5 Main Triggers of Hunger
Hunger is the strong desire or need for food. Its main purpose is a survival mechanism to ensure the body gets enough energy and nutrients needed to survive. However most of us are fortunate to live at a time where food exists in abundance, and therefore hunger is being triggered when survival isn't at risk.
There are 5 main triggers of hunger. Being able to understand and recognise these allows you to control your hunger rather than letting your hunger control you.
This hunger occurs when your body craves certain nutrients due to nutrient deficiencies. Our body requires a balanced level of nutrients and when this balance is off, our body will crave them and therefore trigger nutritional hunger. Avoid this by consuming a nutrient rich and whole food diet packed with protein, a variety of colourful rich veggies, fibre rich smart carbs and satiety promoting good fats.
Low Blood Sugar Hunger
When your blood sugar levels drop, your body will crave energy quickly and this is often translated to the brain as craving simple/poor quality forms of carbohydrates such as sugar, bread, chocolate, ice-cream (my weakness), crackers, cakes, etc. Avoid this trap by eating slow energy releasing carbohydrates such as sweet potato, chickpeas and whole fruits along with protein to keep you feeling full and fats to keep you satisfied. I also recommend a protein containing snack in the afternoon to avoid the 3pm energy slump.
Empty Stomach Hunger
Hunger pangs are a survival mechanism to avoid starvation however they don't always indicate a true need to eat. The stomach is a muscular organ that is capable of stretching and collapsing. When it’s stretched by food and liquid, you feel full. When it’s been a long time between meals, your stomach becomes flatter and may contract, causing you to experience hunger pangs. Based on your needs, empty stomach hunger might be a good indication to eat whilst for others i.e people who are intermittent fasting or need to reduce their portion sizes, to push through it. It is important however that you don't leave too long between meals as this could trigger low blood sugar hunger.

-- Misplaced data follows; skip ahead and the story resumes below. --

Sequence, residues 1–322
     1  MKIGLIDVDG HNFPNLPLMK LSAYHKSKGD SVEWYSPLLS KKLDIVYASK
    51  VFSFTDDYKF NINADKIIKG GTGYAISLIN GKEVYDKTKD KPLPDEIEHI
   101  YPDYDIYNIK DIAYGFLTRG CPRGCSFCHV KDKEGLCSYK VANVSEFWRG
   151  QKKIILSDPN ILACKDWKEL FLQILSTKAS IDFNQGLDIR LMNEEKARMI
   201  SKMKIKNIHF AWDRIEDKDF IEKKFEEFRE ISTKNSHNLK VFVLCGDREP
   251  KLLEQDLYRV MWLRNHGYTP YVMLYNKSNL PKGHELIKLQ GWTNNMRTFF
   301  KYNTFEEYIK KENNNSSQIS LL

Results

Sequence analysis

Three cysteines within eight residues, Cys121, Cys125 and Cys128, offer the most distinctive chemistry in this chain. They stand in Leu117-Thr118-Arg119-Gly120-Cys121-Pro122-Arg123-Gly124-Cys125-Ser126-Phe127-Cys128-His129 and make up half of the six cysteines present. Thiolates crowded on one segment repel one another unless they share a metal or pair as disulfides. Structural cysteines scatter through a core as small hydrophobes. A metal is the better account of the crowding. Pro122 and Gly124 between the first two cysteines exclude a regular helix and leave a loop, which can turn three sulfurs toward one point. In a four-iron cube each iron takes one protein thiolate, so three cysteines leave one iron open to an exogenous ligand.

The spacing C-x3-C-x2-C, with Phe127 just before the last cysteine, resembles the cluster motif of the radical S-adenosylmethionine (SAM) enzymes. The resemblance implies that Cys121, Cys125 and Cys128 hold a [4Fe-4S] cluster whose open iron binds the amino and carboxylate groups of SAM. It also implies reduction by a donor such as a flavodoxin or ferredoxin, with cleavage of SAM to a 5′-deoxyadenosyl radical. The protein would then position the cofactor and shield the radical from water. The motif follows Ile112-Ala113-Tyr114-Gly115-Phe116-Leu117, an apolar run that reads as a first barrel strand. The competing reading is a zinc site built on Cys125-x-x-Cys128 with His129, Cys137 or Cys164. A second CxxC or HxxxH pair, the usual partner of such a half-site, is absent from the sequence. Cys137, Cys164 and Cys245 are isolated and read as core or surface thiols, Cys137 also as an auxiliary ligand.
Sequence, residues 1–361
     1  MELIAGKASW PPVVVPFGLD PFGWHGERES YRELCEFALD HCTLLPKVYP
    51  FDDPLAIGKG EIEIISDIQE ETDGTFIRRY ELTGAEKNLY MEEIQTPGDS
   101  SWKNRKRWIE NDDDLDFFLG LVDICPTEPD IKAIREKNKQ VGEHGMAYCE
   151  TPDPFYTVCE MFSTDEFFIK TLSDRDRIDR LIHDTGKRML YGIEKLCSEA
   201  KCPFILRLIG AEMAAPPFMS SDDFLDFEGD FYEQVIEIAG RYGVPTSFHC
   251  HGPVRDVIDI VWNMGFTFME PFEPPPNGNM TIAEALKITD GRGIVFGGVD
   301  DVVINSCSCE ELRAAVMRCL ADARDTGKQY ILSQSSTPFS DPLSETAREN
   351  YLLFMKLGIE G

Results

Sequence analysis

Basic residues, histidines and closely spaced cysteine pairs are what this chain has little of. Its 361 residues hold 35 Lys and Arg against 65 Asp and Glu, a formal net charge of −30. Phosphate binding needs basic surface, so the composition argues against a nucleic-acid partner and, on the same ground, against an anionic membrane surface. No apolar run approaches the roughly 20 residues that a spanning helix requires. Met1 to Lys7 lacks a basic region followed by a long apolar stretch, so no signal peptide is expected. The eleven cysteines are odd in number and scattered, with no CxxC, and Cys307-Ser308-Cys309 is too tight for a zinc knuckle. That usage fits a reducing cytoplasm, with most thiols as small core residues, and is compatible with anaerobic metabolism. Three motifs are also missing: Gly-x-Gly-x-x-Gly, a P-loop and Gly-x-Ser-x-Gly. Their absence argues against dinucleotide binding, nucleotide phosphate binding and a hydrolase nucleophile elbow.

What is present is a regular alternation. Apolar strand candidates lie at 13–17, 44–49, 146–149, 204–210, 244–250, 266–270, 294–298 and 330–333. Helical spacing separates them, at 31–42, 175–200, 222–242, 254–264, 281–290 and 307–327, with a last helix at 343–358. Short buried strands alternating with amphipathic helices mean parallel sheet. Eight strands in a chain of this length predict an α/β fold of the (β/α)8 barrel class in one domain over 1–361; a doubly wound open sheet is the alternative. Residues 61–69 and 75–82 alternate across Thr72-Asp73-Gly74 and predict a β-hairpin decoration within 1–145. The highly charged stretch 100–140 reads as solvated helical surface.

I often talk about how dehydration is masked as hunger. Drinking at least 2L of water daily will prevent this form of hunger from kicking in.
Emotional eating is a common form of hunger I see in my practice. Food is often used to satisfy an emotion however this is a short term fix and is often followed by guilt triggering more negative emotions soon after. A big driver of this is the food industry as they know how to market to our emotions, driving us to seek these positive feelings through food. It is important to identify your emotional eating patterns and find other behaviours that lift your mood with longer lasting effects such as yoga, catching up with friends, meditating and practicing self love.
In summary, here are some tips to control your hunger ensuring you eat the right amounts and right foods to support your health whilst maintaining a healthy weight.
- Eat a colourful and whole food diet that contains a wide variety of foods to avoid nutrient deficiencies
- Stay hydrated aiming for 2L of water daily
- Eat fibre rich carbs such as veggies in combination with good fats and protein to keep your blood sugar levels stabilised and avoid skipping meals throughout the day
- Understand your negative eating triggers/patterns and practice mood lifting activities in those moments rather than resorting to food
- Listen to your body, practice mindfulness to avoid mindless eating
About Stephanie Malouf
Stephanie Malouf is an Accredited Nutritionist with a bachelor’s degree in health science. Stephanie has always had a love for food and cooking but her passion in health and nutrition came about during her years working in the corporate world, first completing a business degree and working in a number of jobs both locally and in New York. Working long hours and putting her health on the back burner, Stephanie started to experience imbalances that manifested as eczema, headaches, food intolerances and a number of gastrointestinal problems.
In a desperate attempt to feel better, Stephanie delved into her own research in health and nutrition and then went on to complete a Bachelor of Health Science (Nutritional Medicine). It is now her mission to use this knowledge to help people reconnect with their bodies, recognise their signals and support busy, nutritionally deleted individuals restore and rebalance their health through practical nutrition.